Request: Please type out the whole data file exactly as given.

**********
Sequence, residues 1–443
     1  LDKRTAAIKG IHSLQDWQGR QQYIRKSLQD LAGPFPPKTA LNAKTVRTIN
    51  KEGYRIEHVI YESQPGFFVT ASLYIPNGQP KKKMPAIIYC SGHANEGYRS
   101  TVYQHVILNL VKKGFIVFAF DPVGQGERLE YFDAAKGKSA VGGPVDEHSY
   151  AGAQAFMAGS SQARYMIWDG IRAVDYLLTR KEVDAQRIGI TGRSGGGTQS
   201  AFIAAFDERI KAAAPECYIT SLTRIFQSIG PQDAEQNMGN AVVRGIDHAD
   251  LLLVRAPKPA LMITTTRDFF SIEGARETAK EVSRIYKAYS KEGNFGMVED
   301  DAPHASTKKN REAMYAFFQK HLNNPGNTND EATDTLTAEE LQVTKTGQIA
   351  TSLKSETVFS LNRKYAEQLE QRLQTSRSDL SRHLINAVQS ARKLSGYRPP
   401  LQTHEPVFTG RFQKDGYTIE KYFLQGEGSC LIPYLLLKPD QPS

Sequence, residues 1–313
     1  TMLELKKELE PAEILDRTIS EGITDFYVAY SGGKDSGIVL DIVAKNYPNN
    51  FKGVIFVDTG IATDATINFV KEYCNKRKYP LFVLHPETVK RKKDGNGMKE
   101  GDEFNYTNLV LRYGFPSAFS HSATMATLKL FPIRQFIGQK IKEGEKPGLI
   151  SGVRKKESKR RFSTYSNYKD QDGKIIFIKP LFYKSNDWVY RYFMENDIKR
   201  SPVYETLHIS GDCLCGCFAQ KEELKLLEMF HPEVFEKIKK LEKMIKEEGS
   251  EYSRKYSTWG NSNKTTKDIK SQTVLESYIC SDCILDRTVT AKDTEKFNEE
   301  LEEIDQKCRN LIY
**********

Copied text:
Sequence, residues 1–443
     1  LDKRTAAIKG IHSLQDWQGR QQYIRKSLQD LAGPFPPKTA LNAKTVRTIN
    51  KEGYRIEHVI YESQPGFFVT ASLYIPNGQP KKKMPAIIYC SGHANEGYRS
   101  TVYQHVILNL VKKGFIVFAF DPVGQGERLE YFDAAKGKSA VGGPVDEHSY
   151  AGAQAFMAGS SQARYMIWDG IRAVDYLLTR KEVDAQRIGI TGRSGGGTQS
   201  AFIAAFDERI KAAAPECYIT SLTRIFQSIG PQDAEQNMGN AVVRGIDHAD
   251  LLLVRAPKPA LMITTTRDFF SIEGARETAK EVSRIYKAYS KEGNFGMVED
   301  DAPHASTKKN REAMYAFFQK HLNNPGNTND EATDTLTAEE LQVTKTGQIA
   351  TSLKSETVFS LNRKYAEQLE QRLQTSRSDL SRHLINAVQS ARKLSGYRPP
   401  LQTHEPVFTG RFQKDGYTIE KYFLQGEGSC LIPYLLLKPD QPS

Sequence, residues 1–313
     1  TMLELKKELE PAEILDRTIS EGITDFYVAY SGGKDSGIVL DIVAKNYPNN
    51  FKGVIFVDTG IATDATINFV KEYCNKRKYP LFVLHPETVK RKKDGNGMKE
   101  GDEFNYTNLV LRYGFPSAFS HSATMATLKL FPIRQFIGQK IKEGEKPGLI
   151  SGVRKKESKR RFSTYSNYKD QDGKIIFIKP LFYKSNDWVY RYFMENDIKR
   201  SPVYETLHIS GDCLCGCFAQ KEELKLLEMF HPEVFEKIKK LEKMIKEEGS
   251  EYSRKYSTWG NSNKTTKDIK SQTVLESYIC SDCILDRTVT AKDTEKFNEE
   301  LEEIDQKCRN LIY